The GLAM provides an example in which an insurance company CFC may be required by a local regulator to form a separate legal entity to hold its investment assets. The investment income held by a subsidiary would typically be subpart F income, which would give rise to character mismatch under the deficit rules if the underwriting income earned by the parent CFC were exempt from subpart F under Section 953(e). The 952(c) election would eliminate the character mismatch through an affiliated group rule that permits the election to apply when the affiliate (e.g., the investment subsidiary) would not qualify as an insurance company on its own but would be a qualified insurance company based on the combined activity of the same-country affiliated group. The IRS asserts that a check-the-box election could be made to treat the investment subsidiary as disregarded, eliminating the need for the 952(c) election. However, there may be regulatory restrictions or other reasons why an insurance company CFC would not be able to elect to treat its investment subsidiary as disregarded. For this reason, the mere presence of the check-the-box regulations would not appear to be supportive of the notion that Congress intended for the 952(c) election to be repealed or that the 952(c) election has been constructively repealed.

Third, the IRS appears to believe that the 952(c) election is constructively repealed because the IRS maintains that the 952(c) election cannot be reconciled to co-exist with the Current AFE Regime, and the Current AFE Regime is clearly a substitute for the rules of the Same-Country Era and the 952(c) election. However, the 952(c) election can easily be reconciled to co-exist with the Current AFE Regime because the Current AFE Regime continues to present character mismatch issues to insurance company CFCs.

Fourth, the IRS argues that, because the legislative history did not explicitly state that Congress intended for the 952(c) election to remain in effect after the 1998 Changes, there should be no “implied amendment” of the 952(c) election to keep it operative (i.e., by fixing the cross-reference to former Section 953(a)(1)(A)). The IRS fails to address other, arguably more relevant principles of statutory construction that conflict with its arguments and would support the 952(c) election remaining available.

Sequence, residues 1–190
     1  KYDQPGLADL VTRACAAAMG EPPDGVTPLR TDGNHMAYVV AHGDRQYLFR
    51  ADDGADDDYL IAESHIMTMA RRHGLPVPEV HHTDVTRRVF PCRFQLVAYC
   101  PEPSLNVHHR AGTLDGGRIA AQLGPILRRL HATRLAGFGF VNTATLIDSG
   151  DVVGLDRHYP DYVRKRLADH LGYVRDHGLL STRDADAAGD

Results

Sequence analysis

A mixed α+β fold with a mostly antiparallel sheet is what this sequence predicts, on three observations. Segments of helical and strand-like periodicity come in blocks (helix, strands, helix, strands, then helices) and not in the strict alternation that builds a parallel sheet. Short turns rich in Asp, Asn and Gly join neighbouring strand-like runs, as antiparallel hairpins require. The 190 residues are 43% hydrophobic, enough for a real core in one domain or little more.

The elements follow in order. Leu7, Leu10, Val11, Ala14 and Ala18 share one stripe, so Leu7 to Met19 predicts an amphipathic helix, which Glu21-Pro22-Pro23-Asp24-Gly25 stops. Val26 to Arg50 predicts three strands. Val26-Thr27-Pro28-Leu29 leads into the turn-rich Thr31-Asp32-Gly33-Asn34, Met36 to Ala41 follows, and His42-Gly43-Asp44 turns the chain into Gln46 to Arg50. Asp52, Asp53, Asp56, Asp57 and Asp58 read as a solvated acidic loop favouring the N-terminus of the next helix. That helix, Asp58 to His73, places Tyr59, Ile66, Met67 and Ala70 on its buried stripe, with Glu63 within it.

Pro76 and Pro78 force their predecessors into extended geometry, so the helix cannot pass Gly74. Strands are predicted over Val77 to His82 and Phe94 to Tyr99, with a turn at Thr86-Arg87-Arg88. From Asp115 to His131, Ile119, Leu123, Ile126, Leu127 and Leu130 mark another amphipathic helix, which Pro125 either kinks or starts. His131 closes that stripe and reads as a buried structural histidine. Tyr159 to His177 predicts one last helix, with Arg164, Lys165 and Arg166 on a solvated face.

Finally, five other IRC sections cross-referenced former Section 953(a)(1)(A) when the 1998 Changes were enacted. None of the other cross-references to Section 953(a)(1)(A) were amended by Congress until 2018, when two were updated to reflect the current Section 953. The IRS fails to address the other cross-references and associated legislative history to understand, by analogy, how the 952(c) election should be viewed as being affected.


1. All “Section” references are to the Internal Revenue Code of 1986, and the regulations promulgated thereunder.

2. For a US shareholder of a CFC that is a qualified insurance company (as defined in Section 952(c)(1)(B)(v)), Section 952(c)(1)(B)(vii)(I) provides “[a]n election may be made under this clause to have section 953(a) applied for purposes of this title without regard to the same country exception under paragraph (1)(A) thereof. Such election, once made, may be revoked only with the consent of the Secretary.”

3. Generally, GILTI would not include gross income of a CFC that is taken into account in determining subpart F income. See Section 951(c)(2)(A)(i)(II).

For additional information with respect to this Alert, please contact the following:

Ernst & Young LLP, Financial Services Organization – International Tax and Transaction Services
  • Revital Gallen, Irvine |
  • Chris Ocasal, Washington, DC |
  • John Owsley, Washington, DC |